Most of us depend on our eyesight in nearly everything we do. And we might not realize how much we use our eyes until our vision begins to fail. Macular degeneration causes more vision loss among older U.S. residents than any other health issue, so it’s important to know the warning signs as early intervention may help.
Macular degeneration is the biggest cause of age-related vision loss in the United States. It can be hard to detect until it reaches its late stage, but symptoms can include reduced visual acuity, distortions and blind spots in the central vision, which can make it difficult to make out faces, read and see other details. Being female, overweight, blue-eyed, far-sighted, a smoker and/or having cardiovascular disease or high blood pressure all increase the risk. Genetic factors can come into play, as well as the time spent outdoors in the sun. Macular degeneration comes in “wet and “dry forms, the latter usually being far more severe and progressing much quicker. A rare, genetic form, Stargardt disease, strikes children and teenagers. There’s no cure for macular degeneration, but some medications may slow the disease’s progression. We have more facts for you.
As we age, we may start to notice a waning in our visual acuity. This can be much more profound in some people, the result of an irreversible disease of the eyes. Macular degeneration occurs when the central part of the retina, a membrane in the back of the eye that turns images into signals for the optic nerve to send to the brain, deteriorates. Over time, this results in a loss of central vision, making it hard to see faces, read or make out other specific details.
Age is the biggest risk factor for developing macular degeneration, but there are sometimes additional elements. Your risk could be higher than normal if you:
It’s important to know the personal risks, so you can be on the lookout for early warning signs and see an optometrist right away if you suspect you may be predisposed.
The most common type of macular degeneration, accounting for 85% to 90% of cases, is the dry form. It’s usually slow to progress, often first manifesting as fluctuating vision and difficulty seeing in low light. Although the cause is still a bit of a mystery, doctors do know sufferers develop small, pigmented deposits, or drusen, under the macula. These areas can slowly dry out the retina and disrupt the eye’s ability to function.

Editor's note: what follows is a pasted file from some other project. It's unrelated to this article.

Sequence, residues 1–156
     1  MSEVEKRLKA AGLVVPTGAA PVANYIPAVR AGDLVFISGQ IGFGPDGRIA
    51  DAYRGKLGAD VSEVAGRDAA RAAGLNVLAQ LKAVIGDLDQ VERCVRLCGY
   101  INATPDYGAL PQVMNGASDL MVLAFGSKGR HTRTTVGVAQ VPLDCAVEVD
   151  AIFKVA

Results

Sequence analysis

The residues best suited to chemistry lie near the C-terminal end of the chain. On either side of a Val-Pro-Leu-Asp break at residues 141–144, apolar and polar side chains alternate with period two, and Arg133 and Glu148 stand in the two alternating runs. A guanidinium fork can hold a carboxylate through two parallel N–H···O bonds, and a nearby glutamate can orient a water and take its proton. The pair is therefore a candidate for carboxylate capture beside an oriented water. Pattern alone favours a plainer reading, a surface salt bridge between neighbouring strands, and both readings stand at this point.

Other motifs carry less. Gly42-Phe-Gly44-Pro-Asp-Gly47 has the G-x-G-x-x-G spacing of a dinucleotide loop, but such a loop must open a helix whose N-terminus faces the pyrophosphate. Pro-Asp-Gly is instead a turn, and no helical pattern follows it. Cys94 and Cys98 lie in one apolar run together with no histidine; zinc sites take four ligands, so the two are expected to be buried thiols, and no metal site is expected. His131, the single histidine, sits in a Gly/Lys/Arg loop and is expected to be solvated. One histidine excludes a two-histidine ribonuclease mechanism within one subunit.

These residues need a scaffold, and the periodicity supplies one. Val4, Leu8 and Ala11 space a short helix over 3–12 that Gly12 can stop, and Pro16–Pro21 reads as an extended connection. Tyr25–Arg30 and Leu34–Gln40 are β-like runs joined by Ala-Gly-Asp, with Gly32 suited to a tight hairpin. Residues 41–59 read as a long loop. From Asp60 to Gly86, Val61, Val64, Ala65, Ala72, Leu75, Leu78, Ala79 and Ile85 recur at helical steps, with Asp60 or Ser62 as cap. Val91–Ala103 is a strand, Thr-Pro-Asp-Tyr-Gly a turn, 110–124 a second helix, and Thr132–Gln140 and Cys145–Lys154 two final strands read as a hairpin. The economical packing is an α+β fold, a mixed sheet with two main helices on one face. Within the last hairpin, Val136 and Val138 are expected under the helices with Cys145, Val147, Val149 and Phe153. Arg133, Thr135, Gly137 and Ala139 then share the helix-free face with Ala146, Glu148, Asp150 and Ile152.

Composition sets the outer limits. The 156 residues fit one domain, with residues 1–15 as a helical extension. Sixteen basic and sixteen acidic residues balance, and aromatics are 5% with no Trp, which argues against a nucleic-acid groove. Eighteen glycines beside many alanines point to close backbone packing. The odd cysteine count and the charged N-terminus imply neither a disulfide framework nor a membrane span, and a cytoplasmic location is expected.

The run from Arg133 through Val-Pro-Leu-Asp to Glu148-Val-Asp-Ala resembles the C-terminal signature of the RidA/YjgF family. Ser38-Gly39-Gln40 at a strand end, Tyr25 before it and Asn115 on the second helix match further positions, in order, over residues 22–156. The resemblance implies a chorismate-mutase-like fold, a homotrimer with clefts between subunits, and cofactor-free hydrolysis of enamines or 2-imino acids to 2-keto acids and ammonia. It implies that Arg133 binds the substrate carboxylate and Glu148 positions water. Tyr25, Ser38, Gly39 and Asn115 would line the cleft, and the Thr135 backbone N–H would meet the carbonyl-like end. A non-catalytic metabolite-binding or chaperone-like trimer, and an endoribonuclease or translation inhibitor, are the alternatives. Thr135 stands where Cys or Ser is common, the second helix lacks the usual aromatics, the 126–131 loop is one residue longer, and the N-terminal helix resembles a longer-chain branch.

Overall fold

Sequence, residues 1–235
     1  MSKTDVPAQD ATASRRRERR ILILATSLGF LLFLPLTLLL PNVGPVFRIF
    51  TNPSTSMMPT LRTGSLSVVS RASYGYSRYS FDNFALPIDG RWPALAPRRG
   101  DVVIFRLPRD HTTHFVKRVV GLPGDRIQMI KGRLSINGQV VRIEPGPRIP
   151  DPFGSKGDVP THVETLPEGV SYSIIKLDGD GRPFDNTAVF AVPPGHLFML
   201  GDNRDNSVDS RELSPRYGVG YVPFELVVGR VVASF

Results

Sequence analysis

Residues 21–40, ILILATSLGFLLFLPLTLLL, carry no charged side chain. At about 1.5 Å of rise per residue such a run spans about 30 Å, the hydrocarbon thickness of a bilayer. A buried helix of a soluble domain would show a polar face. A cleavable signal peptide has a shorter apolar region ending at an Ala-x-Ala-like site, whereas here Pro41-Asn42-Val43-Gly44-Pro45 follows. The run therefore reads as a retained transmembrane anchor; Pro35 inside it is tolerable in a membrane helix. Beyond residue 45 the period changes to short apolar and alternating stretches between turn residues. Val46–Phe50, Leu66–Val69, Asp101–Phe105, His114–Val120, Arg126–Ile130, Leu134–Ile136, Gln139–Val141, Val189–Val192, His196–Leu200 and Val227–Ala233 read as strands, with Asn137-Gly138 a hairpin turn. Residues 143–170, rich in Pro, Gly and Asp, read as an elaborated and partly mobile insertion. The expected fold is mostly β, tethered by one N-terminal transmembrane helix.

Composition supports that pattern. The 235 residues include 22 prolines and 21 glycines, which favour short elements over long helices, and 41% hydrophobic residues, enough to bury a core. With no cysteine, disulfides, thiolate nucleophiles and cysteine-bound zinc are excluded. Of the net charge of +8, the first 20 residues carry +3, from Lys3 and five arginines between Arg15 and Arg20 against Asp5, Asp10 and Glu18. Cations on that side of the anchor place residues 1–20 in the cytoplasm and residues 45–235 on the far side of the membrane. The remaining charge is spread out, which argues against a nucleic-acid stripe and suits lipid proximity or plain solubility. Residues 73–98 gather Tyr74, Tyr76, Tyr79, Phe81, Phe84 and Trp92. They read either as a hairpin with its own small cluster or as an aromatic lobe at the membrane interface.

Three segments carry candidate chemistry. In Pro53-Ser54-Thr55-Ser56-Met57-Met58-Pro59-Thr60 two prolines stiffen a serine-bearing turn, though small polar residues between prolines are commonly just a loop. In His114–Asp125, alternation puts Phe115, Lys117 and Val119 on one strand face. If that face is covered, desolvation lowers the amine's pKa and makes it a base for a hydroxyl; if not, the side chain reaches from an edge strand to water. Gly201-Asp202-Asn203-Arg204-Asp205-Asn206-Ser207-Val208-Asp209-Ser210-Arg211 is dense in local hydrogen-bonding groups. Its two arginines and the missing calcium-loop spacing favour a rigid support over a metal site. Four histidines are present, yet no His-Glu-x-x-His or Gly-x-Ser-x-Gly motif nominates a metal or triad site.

The wet form occurs when these changes lead to abnormal blood vessel growth beneath the macula. The blood vessels can bleed into the retina, causing fluid to build up, resulting in profound central vision loss. People with this form of the disease often experience dark spots in their central vision and rapid eyesight deterioration. All cases of wet macular degeneration begin as the dry form.
A rare form of the condition, called Stargardt disease, strikes children and teenagers. It’s caused by a genetic mutation that disrupts the retina’s ability to remove waste materials, causing normal building blocks like vitamin A to become toxic in high amounts. There’s still no treatment, but researchers are hopeful that a cure is on the horizon. All the more reason to speak to an optometrist at the earliest suspicions.
Regardless of the form it takes, macular degeneration is progressive. Sufferers all undergo three stages:
Because most of us will not be aware of early-stage or intermediate disease, regular eye exams are essential to identifying all stages of macular degeneration. You can also use an Amsler grid, which is basically a swatch of graph paper, to test your vision at home. Any wavy or missing lines indicate a problem.
There are some macular degeneration risk factors, like genetics, that we can’t do much about. But we can take charge of the few variables within our control. If you smoke cigarettes, quit. If you’re overweight or have been letting your cardiovascular health slide, change your diet and talk to your doctor about starting an exercise regimen. Wear protective eyewear that blocks out both UVA and UVB rays, with a rating of “UV 400, when going outside in the sun.
For those who have already begun to develop macular degeneration, talk to an eye-doctor about treatment options and discuss any current prescriptions that could worsen the condition. There’s still no cure, but some medications may also slow the disease’s progression.
Macular degeneration can strike nearly anyone, and no age group is immune. Be aware of the risks and keep up on eye exams. Our vision is precious let's preserve it for as long as we can.